The detentions came as Beijing stepped up efforts to blame the exiled Tibetan leader, the Dalai Lama, for protests in which nearly 100 Tibetan monks, nuns and lay people have set themselves on fire since 2009.
The harsh measures are a sign new Chinese leaders installed in November is not easing up on Tibet despite the protests and international condemnation.
The protesters are calling for Beijing to allow greater religious freedom and the return from exile of the Dalai Lama, who lives in India.
Communist troops occupied the Himalayan region in 1951. Beijing says it has been part of China for centuries but Tibetans say it was independent for much of that time and want greater autonomy. The Dalai Lama fled the region in 1959 as Chinese troops crushed protests against communist rule.
The latest detentions occurred in an ethnic Tibetan area of Qinghai province, which abuts Tibet, the government's Xinhua News Agency reported late Thursday. It said 12 of those detained were formally arrested but gave no details of the charges.
Beijing has responded to the protests by sending in security forces to seal off areas and prevent information from getting out, arresting protesters' friends and seizing satellite TV dishes.
The government has blamed the burnings on hostile foreign forces that want to separate Tibet from the mainland.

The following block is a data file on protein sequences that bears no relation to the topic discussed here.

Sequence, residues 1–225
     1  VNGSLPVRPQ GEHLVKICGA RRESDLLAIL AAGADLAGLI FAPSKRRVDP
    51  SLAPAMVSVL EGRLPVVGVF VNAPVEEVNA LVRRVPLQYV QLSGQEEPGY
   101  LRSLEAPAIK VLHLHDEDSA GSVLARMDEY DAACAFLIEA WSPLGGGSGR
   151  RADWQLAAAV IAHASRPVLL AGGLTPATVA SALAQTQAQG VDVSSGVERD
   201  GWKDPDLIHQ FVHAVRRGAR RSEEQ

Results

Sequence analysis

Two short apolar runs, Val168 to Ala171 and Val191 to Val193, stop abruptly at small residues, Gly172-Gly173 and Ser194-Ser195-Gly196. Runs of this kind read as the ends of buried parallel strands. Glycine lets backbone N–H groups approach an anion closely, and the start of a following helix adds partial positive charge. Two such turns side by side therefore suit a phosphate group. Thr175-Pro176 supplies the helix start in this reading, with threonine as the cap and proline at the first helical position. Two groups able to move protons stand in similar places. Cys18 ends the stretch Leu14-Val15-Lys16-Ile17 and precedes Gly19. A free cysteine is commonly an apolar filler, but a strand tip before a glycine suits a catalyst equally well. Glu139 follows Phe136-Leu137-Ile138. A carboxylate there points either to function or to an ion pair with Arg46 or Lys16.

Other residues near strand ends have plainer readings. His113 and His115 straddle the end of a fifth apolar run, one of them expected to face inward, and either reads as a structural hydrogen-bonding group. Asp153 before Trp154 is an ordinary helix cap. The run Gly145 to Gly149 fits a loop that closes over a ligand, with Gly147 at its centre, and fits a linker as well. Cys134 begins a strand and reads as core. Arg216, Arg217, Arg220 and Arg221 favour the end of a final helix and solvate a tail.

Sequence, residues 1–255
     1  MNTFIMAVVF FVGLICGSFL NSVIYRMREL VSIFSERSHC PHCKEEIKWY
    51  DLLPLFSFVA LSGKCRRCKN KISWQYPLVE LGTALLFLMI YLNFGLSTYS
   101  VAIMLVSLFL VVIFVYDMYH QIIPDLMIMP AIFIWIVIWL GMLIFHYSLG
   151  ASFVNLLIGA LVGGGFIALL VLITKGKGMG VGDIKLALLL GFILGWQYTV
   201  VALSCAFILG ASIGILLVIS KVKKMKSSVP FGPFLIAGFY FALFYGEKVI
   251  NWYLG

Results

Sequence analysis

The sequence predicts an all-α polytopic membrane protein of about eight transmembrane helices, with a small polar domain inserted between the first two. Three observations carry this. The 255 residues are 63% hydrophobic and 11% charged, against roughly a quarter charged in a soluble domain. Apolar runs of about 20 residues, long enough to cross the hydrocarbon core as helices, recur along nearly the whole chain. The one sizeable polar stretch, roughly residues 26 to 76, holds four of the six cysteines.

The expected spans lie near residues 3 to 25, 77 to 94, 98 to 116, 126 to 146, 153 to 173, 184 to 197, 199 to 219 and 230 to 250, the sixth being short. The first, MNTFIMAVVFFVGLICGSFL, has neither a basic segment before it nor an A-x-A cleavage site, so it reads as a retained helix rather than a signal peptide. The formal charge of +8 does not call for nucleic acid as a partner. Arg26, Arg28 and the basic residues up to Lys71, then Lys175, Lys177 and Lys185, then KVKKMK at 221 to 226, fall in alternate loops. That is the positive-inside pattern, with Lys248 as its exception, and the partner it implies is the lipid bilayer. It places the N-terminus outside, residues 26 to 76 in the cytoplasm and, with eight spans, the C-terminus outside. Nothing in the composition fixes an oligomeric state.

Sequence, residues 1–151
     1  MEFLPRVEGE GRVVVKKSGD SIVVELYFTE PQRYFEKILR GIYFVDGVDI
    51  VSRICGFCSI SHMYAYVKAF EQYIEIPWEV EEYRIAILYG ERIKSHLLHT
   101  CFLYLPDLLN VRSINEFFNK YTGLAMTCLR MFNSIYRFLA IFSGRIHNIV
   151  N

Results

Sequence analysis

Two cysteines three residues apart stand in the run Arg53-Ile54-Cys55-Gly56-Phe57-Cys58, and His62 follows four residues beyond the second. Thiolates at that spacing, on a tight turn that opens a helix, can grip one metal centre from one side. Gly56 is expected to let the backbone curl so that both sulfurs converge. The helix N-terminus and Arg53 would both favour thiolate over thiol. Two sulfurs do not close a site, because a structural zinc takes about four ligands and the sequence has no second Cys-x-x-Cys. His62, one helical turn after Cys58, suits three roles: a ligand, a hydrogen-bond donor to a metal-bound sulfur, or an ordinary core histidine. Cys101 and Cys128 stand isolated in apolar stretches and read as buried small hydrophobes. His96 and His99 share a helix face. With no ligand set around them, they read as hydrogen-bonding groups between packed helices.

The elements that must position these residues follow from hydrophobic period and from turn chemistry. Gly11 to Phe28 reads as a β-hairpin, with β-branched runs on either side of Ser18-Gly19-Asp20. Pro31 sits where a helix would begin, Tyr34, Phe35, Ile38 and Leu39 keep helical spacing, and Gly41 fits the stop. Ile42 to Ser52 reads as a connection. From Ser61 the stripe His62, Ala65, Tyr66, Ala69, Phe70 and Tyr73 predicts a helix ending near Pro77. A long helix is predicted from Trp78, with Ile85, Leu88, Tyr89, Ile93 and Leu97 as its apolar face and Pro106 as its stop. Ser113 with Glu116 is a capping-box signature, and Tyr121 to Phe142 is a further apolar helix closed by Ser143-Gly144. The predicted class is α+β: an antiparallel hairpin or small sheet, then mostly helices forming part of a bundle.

"The Dalai Lama clique masterminded and incited the self-immolations," said Xinhua, citing a police official. "Personal information, such as photos of the victims, were sent overseas to promote the self-immolations."
The burnings have galvanized many Tibetans, who see them as selfless acts of sacrifice, making it hard for authorities to denounce the immolators.
On Thursday, the Voice of America, a U.S. government-financed broadcaster, denied accusations by Chinese state television and a government newspaper that it encouraged the burnings.
The U.S. State Department expressed concern about the "deteriorating human rights situation in Tibetan areas" and the use of criminal laws against people associated with protesters.
"Our concern is that there are deep grievances within the Tibetan population which are not being addressed openly and through dialogue by the Chinese government," said a department spokeswoman, Victoria Nuland.
Nuland said Washington urged Beijing to "engage in a substantive dialogue" with the Dalai Lama.
"We continue to call on Chinese government officials to permit Tibetans to express their grievances freely, publicly and peacefully, without fear of retribution," she said.